This never quite occurred to me, but here it is: Today’s news that the world has had higher-than-average temps now for 332 consecutive months means that my son, age 25, in his entire life has never been around for a cooler-than-normal global month.
Here’s hoping that changes—before he’s my age. If it takes that long, I guess he will not be living in LA but far in the interior as the ocean covers the coast. Hollywood in Vegas?
The red and pink on the map of the world (follow link above) shows where it’s been warmer this year. Sarah Palin, on the coast of Alaska, may have lucked out.
Also reported today: this year's October was the fifth warmest since 1880. And there's a 90% chance 2012 will end up as warmest year on record for the U.S.
Then there’s this from Weather Underground’s Jeff Masters:
[S]hockingly, Sandy is probably not even the deadliest or most expensive weather disaster this year in the United States—Sandy’s damages of perhaps $50 billion will likely be overshadowed by the huge costs of the great drought of 2012. While it will be several months before the costs of America’s worst drought since 1954 are known, the 2012 drought is expected to cut America’s GDP by 0.5–1 percentage points, said Deutsche Bank Securities this week. …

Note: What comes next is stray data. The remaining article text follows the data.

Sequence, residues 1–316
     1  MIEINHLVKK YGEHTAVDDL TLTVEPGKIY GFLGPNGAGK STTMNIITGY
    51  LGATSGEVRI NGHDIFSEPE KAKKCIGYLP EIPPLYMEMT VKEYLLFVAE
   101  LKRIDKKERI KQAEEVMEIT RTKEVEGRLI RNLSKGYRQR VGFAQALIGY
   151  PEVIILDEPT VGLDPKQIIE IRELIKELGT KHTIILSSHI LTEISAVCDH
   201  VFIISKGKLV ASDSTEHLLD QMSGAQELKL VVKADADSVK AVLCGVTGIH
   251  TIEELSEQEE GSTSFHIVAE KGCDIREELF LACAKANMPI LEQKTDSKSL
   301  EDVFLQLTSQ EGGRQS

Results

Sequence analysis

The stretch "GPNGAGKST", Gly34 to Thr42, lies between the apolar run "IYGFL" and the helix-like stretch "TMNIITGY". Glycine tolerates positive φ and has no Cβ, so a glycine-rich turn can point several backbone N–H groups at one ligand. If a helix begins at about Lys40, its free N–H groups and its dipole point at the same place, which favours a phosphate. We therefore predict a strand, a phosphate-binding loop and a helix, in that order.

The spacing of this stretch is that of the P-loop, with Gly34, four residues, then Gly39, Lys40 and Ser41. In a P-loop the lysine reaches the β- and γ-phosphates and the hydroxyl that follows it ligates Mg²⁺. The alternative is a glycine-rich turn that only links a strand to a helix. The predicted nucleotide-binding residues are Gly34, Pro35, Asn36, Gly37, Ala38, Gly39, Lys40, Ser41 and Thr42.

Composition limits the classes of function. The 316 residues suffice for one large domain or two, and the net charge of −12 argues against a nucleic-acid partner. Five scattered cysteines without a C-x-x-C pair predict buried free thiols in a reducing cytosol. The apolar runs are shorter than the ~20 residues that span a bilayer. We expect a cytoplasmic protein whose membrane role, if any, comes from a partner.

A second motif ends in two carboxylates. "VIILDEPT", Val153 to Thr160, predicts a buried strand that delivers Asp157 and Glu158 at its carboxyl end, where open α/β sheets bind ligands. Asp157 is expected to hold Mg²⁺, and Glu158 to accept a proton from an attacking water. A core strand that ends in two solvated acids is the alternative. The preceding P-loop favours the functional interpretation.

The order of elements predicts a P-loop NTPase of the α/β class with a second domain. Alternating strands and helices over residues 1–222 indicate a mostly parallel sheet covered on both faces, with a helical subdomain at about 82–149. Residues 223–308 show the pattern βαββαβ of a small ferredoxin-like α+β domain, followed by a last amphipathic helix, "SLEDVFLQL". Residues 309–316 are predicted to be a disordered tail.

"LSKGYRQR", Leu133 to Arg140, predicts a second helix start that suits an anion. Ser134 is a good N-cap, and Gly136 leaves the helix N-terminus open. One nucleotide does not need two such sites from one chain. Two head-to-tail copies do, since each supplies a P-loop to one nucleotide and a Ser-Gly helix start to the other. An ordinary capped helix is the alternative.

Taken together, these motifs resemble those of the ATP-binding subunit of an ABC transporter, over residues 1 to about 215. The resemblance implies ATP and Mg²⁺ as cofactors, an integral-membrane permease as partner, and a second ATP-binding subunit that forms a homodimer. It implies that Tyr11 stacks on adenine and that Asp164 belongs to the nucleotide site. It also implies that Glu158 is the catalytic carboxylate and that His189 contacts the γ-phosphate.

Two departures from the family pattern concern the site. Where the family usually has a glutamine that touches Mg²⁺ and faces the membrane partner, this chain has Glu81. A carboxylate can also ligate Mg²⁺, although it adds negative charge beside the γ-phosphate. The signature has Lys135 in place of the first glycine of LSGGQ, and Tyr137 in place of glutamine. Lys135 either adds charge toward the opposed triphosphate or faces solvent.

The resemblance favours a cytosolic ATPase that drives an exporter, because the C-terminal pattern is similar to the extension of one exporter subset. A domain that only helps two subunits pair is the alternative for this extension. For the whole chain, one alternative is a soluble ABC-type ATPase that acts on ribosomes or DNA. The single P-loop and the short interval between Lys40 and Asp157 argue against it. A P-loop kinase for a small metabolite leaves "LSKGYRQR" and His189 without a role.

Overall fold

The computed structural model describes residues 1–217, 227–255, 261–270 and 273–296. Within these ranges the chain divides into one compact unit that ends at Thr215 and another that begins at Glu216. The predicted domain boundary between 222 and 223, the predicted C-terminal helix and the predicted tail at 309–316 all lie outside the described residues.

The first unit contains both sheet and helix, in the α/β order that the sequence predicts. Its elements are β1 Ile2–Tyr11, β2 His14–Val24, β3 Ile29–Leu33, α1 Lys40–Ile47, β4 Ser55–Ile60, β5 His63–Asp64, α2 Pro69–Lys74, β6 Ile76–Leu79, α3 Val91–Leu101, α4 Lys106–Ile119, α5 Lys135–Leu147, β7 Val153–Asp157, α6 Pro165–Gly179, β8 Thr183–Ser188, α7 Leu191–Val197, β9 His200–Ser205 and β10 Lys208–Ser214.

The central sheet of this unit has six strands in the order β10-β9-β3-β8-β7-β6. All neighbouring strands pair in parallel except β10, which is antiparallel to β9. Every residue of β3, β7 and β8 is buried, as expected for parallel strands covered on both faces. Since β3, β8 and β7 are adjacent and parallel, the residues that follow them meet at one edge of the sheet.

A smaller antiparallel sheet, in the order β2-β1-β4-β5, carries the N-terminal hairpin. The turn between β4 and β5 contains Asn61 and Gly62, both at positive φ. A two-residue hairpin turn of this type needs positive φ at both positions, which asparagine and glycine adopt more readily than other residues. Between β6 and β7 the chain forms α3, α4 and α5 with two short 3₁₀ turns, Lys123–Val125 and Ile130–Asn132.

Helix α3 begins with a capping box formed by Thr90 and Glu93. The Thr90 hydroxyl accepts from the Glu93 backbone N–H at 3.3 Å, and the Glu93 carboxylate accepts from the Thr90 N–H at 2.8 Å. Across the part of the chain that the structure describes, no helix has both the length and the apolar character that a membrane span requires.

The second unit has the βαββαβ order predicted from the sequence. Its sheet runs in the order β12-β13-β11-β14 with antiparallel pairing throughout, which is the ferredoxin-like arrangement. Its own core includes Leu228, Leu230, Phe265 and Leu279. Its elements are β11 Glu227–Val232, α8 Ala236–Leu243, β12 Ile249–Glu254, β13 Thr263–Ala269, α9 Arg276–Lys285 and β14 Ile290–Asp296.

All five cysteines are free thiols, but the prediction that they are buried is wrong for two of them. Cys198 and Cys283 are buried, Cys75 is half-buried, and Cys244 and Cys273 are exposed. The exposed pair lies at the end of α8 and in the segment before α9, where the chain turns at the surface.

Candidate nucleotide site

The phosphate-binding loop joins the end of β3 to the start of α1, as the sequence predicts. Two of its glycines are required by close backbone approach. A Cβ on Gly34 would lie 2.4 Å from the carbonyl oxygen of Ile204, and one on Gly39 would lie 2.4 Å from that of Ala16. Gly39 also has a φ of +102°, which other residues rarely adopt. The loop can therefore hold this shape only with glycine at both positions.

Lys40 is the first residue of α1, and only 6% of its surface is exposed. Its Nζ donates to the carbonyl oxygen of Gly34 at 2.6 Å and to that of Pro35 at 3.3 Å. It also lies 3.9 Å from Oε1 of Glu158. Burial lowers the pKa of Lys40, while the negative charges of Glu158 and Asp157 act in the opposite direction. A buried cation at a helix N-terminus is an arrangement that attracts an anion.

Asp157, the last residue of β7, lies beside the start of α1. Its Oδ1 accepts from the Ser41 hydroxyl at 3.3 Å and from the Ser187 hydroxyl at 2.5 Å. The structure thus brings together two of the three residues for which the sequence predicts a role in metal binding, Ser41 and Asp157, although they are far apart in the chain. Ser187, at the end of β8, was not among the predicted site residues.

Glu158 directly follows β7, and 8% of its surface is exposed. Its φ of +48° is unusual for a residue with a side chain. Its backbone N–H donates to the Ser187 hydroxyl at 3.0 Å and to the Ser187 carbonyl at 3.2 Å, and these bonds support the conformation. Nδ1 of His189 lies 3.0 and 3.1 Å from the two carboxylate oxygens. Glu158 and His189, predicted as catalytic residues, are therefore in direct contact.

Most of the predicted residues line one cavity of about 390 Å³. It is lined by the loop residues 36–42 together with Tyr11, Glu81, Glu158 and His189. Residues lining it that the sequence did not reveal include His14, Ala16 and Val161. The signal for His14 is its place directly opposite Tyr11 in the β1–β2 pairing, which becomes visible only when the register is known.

While Sandy’s death toll of 113 in the U.S. is the second highest death toll from a U.S. hurricane since 1972, it is likely to be exceeded by the death toll from the heat waves that accompanied this year’s drought. The heat waves associated with the U.S. droughts of 1980 and 1988 had death tolls of 10,000 and 7,500 respectively, according to NOAA’s National Climatic Data Center, and the heat wave associated with the $12 billion 2011 Texas drought killed 95 Americans.
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